A study co-authored by MIT economist Josh Angrist reveals that colon cancer screenings are significantly more effective than previously thought. Analyzing data from five trials across various countries, the study found that screenings reduce colon cancer rates by about 0.5 percent, which is double the impact estimated by earlier studies. This new finding is based on the actual screening effect, rather than just the effect of being invited for screening.
The study highlights a common issue in clinical trials: nonadherence to the intended treatment, especially in trials involving uncomfortable procedures like colon cancer screenings. Many participants offered screenings through colonoscopy or sigmoidoscopy often choose not to undergo them. Previous studies did not adequately account for this nonadherence.
Angrist and co-author Peter Hull, a professor at Brown University, used an econometric method called “instrumental variables” to adjust for the actual number of people screened, rather than just those invited. This method provided a more accurate measure of the screening’s effectiveness.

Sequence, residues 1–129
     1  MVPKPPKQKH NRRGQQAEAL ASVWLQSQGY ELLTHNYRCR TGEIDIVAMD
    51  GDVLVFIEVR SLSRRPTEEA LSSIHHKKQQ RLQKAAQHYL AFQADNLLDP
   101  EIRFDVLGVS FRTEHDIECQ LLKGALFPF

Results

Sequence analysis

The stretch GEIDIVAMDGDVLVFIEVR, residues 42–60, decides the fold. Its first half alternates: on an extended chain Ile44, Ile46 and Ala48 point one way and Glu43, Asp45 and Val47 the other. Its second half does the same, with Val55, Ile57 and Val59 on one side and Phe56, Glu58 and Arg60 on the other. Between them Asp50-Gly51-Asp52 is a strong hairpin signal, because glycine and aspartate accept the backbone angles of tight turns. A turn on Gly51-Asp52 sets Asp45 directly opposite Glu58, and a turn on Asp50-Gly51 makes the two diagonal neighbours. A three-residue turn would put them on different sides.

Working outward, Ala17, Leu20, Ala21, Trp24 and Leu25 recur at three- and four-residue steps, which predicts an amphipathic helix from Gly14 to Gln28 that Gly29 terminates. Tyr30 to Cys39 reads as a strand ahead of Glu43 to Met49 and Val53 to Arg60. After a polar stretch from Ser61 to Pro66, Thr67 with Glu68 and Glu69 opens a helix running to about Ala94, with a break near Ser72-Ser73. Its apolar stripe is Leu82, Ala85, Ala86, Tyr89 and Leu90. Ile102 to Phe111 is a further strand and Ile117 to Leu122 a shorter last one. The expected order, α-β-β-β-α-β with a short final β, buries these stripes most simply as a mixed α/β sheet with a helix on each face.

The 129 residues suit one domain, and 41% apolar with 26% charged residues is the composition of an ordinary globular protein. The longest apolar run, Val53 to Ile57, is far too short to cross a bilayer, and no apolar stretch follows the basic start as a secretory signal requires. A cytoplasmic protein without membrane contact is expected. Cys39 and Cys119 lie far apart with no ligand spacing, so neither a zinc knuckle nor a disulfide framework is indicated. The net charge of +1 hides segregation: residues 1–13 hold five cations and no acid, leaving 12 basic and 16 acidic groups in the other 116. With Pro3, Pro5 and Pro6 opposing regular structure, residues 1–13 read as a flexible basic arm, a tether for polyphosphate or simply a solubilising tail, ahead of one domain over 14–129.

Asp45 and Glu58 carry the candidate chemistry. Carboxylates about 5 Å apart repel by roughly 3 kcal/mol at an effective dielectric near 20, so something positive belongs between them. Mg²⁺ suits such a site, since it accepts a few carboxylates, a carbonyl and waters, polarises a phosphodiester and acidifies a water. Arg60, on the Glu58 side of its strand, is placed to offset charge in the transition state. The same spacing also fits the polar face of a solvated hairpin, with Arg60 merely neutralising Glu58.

Their analysis reconciled the variability in findings across different trials, consistently showing a 0.5 percentage point decrease in cancer incidence among those actually screened. The study, published in the Proceedings of the National Academy of Sciences, calls for the routine inclusion of instrumental variable analysis in clinical research to obtain more accurate results.
- Importance of Actual Screening vs. Invitation: The study underscores the distinction between the effects of being invited for screening and the actual impact of undergoing the screening. This distinction is crucial for understanding the true effectiveness of cancer screenings.
- Challenges in Clinical Trials: Nonadherence is a significant challenge in clinical trials, particularly for procedures perceived as unpleasant. This study demonstrates the necessity of accounting for nonadherence to accurately assess the effectiveness of medical interventions.
- Advancements in Econometric Methods: The use of instrumental variables in this study highlights the evolving nature of econometric methods and their application in various fields, including medical research. This approach could lead to more precise evaluations of treatments and interventions in healthcare.